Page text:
'J Hus is part of a golden age for the UK': Black Butter president Joe Gossa on the Common Sense campaign

'J Hus is part of a golden age for the UK': Black Butter president Joe Gossa on the Common Sense campaign

Black Butter Records president Joe Gossa took to J Hus as soon as DJ Semtex, director of artist development at Sony, played him the music. 

As part of this week’s cover interview with the East London rapper and his team, Gossa unpicks the story from the label’s side. Here, he digs into the nuts and bolts of a campaign that has been riding a wave of love and encouragement from throughout the UK scene since its very beginning.

And, of course, Gossa says, he knew Did You See would be huge…

How did Black Butter’s relationship with J Hus develop?

Semtex played me Hus and it just felt like something new and when we met with the managers and Hus, they got that we were there to support them and didn’t want to change anything. We just wanted Hus. We wanted his vision at its best. It’s very important when you’re getting something from a certain place or a certain world that it stays what it is, that it reaches its pinnacle and its best, but that it stays true to what it is. The album wasn’t compromised one bit – it is 100% a J Hus album, every single song on there, the features… We didn’t try to get pop features and that’s the beauty of this album. It has crossed over, it’s just him and JAE5, where they’re from, completely. That’s what makes this sweeter for us.

What did you think when the deal was done, regarding how much potential Hus had?

We’re all in the music business, we have big successful artists, we have all levels of artists, but this was one of those when you have someone special that’s completely relevant and innovative and a part of something that’s just exciting. He’s one of those artists where you think, he might not sell loads, but there’s just going to be traffic, it’s going to be of the moment and that’s what I got with Hus. Luckily, it’s doing really well, and so if someone is culturally relevant, innovative, of the moment and you’re having hits as well… I mean, that’s game over.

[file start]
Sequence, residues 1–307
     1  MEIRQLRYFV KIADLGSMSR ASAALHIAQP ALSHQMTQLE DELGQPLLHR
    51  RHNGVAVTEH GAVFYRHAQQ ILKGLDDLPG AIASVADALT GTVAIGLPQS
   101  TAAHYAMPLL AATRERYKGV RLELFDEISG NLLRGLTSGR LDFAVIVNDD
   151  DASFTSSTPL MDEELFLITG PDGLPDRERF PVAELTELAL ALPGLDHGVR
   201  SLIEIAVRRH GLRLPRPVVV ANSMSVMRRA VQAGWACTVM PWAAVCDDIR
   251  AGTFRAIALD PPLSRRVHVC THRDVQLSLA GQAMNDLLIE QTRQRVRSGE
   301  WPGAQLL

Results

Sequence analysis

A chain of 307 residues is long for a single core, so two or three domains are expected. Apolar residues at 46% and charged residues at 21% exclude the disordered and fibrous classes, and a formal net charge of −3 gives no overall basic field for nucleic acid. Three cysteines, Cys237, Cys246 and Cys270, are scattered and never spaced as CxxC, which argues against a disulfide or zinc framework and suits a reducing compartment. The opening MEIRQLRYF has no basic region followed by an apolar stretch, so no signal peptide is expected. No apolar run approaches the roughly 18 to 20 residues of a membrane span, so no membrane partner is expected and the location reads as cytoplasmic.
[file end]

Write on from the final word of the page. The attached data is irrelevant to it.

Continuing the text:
What was the marketing approach, how have you put J Hus in front of people?

To be real with you, it is actually the scene itself. It has come to the place where we believe we’re in the golden age of UK hip-hop, rap, grime, whatever you want to call it, right now. The fanbase is undeniable across the country: rich, poor, black, white, wherever you’re from, it doesn’t matter. It just needed, I think, facilitating. For instance, we didn’t go at in a traditional pop marketing kind of way, we fed the scene, it was an anticipated album, he was an anticipated artist. Our job was just to make sure that radio would play the tracks, to make sure he got the right coverage, as is deserved, for the scene that’s coming up and the stars that are coming out of it. Our job was to make sure that the people at radio were paying attention, I don’t mean the 1Xtras and the Capital Xtras, they’d been behind us. It was more the major stations and [helping them] understand the fanbase and how much this music means to a lot of people in tis country right now.

How did you feel when you first heard Did You See? Did you know it would be so big?

We absolutely did. It was original; it was Hus at his best. I mean, me, Sem, JAE5, the managers… We were like, Man, this is big. It was like, Right guys, this is right on the money, right where we are now. This happens once in a while, an artist comes along out of the scene and it’s just the timing and everything is right… It’s not ahead of its time but it’s right of its time.

Was there any ever discussion about how J Hus would fit into the major label mechanism?

No, not at all. I never, we never, sign artists and try and think about fitting them into anything. You sign an artist, believing in their work and them and it being exciting, especially something from a different place or an underground place. Everything we listen to that’s big now was of a scene back in the day. For example, Rudimental and Disclosure came up through the scene, back in the day that was underground. I think the worst thing we could have done would have been to think, How do we fit this artist into a major label scenario? We would have failed; I honestly believe that, if we had looked at it like that. What you have to do, is take the act you signed and just make them the best they can be but don’t try and change them, don’t deny where they’re from because that’s actually the most exciting thing in the UK right now. Why would you do that?

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